Combining the two years, Curry has gone from 5.1 points and 2.8 rebounds per game on 47.4% shooting in the first half to 12.0 points and 5.3 rebounds on 58.5% shooting.

That leads us to another mini-study, formalizing an idea I've floated before, most recently when discussing Kwame Brown in a column last week.

Mini-Study 2: Which is a better future predictor, second-half performance or overall performance?

Every statistician's favorite Web site, provides second-half only stats for the last two years. I ignored the 2002-03 splits, solely because this season is still ongoing. Instead, I focused on the 2001-02 second half, calculating my efficiency rating both overall and for the second half only for players who played at least 250 minutes in both halves of the season and 500 minutes in 2002-03.

My first method of comparison was to look at the correlation between the two 2001-02 efficiencies and the 2002-03 efficiency. Correlation isn't an exact measure of predictive ability, but with a sample size of 226 people, it's a good place to start. The correlation between overall 2001-02 efficiency and 2002-03 efficiency is pretty high -- .7577. When we go to second-half efficiency, it drops to .6945.

Another way to look at predictive ability is to do so literally -- see which is closer to the player's 2002-03 efficiency, his overall or second-half efficiency. Here, the evidence rather overwhelmingly favors the overall numbers. Only 86 of the 226 players (38.1%) had their performance predicted better by their second-half performance.

Okay, so overall performance is a better predictor when we consider all players. However, we'd never look specifically at the second half for players who played the same. Our real interest lies with players whose performance changed, primarily for the better. Let's isolate the players who improved the most in the second half.

Sticking with the 2001-02 season, there were 12 players whose second-half efficiency rating was at least 25 points better than their overall rating. Looking specifically at these players has mixed results. The correlation is higher with second-half performance (.635 vs. .451), but the overall numbers are better predictors, coming closer to nine of the 12 players' 2002-03 performance.

Even here, there is the opportunity to reduce the sample. If a veteran player has a fluke 41-game stretch, that doesn't surprise anyone, but we believe that when a young player plays better during the second half, it means he's actually improving. There were ten guys under age 25 who improved at least 20 points, and half of them had their 2002-03 performances predicted better by the second half, including the four youngest players (Eddy Curry, Kwame Brown, Richard Jefferson, and Corey Maggette). The second-half correlation was also better.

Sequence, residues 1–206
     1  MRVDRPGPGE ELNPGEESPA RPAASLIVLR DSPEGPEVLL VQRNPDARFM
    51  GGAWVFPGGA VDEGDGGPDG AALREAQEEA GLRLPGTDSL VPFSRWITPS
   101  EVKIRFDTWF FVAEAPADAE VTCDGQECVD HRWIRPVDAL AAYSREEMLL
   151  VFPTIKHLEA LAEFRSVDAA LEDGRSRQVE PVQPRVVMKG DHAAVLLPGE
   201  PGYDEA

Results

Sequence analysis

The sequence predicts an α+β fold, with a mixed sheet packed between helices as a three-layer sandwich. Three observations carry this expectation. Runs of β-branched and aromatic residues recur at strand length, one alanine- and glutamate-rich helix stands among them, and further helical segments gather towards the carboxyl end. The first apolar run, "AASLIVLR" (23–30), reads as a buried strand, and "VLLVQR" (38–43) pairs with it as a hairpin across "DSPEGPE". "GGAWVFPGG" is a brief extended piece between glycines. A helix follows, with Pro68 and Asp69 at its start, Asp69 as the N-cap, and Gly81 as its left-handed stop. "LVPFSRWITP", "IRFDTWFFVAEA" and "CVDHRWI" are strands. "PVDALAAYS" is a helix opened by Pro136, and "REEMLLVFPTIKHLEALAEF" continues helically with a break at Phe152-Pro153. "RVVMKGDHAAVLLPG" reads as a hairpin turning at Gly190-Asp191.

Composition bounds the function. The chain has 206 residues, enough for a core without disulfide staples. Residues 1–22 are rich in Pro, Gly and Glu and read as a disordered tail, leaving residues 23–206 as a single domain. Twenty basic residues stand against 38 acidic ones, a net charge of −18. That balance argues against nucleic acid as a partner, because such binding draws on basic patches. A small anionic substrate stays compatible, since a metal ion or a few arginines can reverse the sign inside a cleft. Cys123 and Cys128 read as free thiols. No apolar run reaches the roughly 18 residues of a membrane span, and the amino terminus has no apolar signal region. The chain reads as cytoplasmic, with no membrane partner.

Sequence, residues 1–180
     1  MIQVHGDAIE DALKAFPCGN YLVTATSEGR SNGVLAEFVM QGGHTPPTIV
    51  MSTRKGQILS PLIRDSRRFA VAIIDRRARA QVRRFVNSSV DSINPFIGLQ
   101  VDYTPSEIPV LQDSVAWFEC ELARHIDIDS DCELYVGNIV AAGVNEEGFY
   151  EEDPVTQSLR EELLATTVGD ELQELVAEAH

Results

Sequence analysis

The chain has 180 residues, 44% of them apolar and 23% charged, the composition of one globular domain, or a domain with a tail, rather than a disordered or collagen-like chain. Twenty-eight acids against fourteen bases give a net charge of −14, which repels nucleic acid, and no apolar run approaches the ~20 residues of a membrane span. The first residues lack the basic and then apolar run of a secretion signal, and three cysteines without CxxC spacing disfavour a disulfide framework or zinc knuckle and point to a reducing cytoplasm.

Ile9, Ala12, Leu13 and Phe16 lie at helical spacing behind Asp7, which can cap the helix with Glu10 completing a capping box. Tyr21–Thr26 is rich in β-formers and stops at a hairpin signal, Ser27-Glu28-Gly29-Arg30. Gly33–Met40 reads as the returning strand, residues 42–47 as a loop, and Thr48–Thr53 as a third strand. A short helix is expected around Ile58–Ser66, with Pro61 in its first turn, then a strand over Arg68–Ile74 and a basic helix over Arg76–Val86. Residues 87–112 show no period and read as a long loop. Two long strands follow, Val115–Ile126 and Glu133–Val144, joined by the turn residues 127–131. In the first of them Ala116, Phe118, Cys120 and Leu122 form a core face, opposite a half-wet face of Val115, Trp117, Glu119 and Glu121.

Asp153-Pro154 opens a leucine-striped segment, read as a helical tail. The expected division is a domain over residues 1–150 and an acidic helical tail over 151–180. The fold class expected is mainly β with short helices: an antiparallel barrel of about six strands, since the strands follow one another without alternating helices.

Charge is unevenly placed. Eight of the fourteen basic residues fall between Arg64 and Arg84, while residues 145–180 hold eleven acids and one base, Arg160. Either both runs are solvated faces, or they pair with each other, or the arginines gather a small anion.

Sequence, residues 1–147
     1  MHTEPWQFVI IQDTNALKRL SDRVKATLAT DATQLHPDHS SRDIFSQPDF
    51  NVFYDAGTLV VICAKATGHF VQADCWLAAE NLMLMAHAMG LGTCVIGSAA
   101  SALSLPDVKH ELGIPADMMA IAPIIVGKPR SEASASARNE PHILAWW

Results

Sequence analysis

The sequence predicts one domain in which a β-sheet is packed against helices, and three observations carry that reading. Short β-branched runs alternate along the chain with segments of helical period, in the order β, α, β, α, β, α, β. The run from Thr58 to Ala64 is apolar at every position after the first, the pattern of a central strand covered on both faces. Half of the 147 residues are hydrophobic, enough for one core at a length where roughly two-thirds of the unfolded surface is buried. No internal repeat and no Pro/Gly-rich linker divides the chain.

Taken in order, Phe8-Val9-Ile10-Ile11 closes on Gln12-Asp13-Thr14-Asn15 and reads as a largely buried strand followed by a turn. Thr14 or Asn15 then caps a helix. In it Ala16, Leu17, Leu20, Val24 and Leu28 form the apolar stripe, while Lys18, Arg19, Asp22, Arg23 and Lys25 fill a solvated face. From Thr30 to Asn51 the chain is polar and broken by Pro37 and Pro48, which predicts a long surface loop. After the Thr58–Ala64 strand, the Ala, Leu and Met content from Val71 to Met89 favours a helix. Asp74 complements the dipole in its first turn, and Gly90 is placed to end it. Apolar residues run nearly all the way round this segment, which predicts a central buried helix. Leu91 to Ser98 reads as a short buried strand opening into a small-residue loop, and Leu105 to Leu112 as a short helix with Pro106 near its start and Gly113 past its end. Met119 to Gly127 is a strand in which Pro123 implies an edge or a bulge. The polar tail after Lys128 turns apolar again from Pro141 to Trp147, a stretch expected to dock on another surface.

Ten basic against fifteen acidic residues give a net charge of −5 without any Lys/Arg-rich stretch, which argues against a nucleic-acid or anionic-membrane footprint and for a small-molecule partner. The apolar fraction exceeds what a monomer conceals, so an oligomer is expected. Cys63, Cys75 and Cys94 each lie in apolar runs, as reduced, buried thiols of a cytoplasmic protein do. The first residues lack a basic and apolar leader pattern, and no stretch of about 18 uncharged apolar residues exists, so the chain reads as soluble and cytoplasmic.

Loose, weakly supported conclusion: Perhaps it is worthwhile to look at second-half upgrades -- but only for a limited number of young players, and even then the difference has to be significant. And if a 41-game improvement often doesn't mean that much, that's more than doubly true about a good month, like those had in January by Brown and Phoenix's Joe Johnson.

Where does all that leave Curry? After consecutive 20-point efforts in his last two games (he preceded his 25 points against the Sonics with a season-high 27 at Portland), he looks like he could be beginning another second-half surge. If there are players who consistently improve their games in the playoffs, why can't there be those who are consistently better in the second half of the season?

If Curry does have another second-half surge, I won't be so confident next season that it will translate into improved performance over the course of entire season (having already called him a "breakout candidate" two times too many).

I do expect his field-goal percentage to continue to edge up. While players have seen similar declines, 74 points is still a lot of shooting to lose. An improvement will be huge for Curry, since so much of his value is in his ability to score efficiently in the post. When people say he's had a disappointing season, they are clearly referring to his shooting, since his rebounding isn't that different and his scoring average is up.

There are many chapters left to be written in the book of Eddy Curry's NBA career. Like any good story, I can't wait to turn the page and see what's in store.

Kevin Pelton is an intern for the Seattle SuperSonics and is responsible for original content on He writes "Page 23" for on a semi-regular basis. He can be reached via e-mail at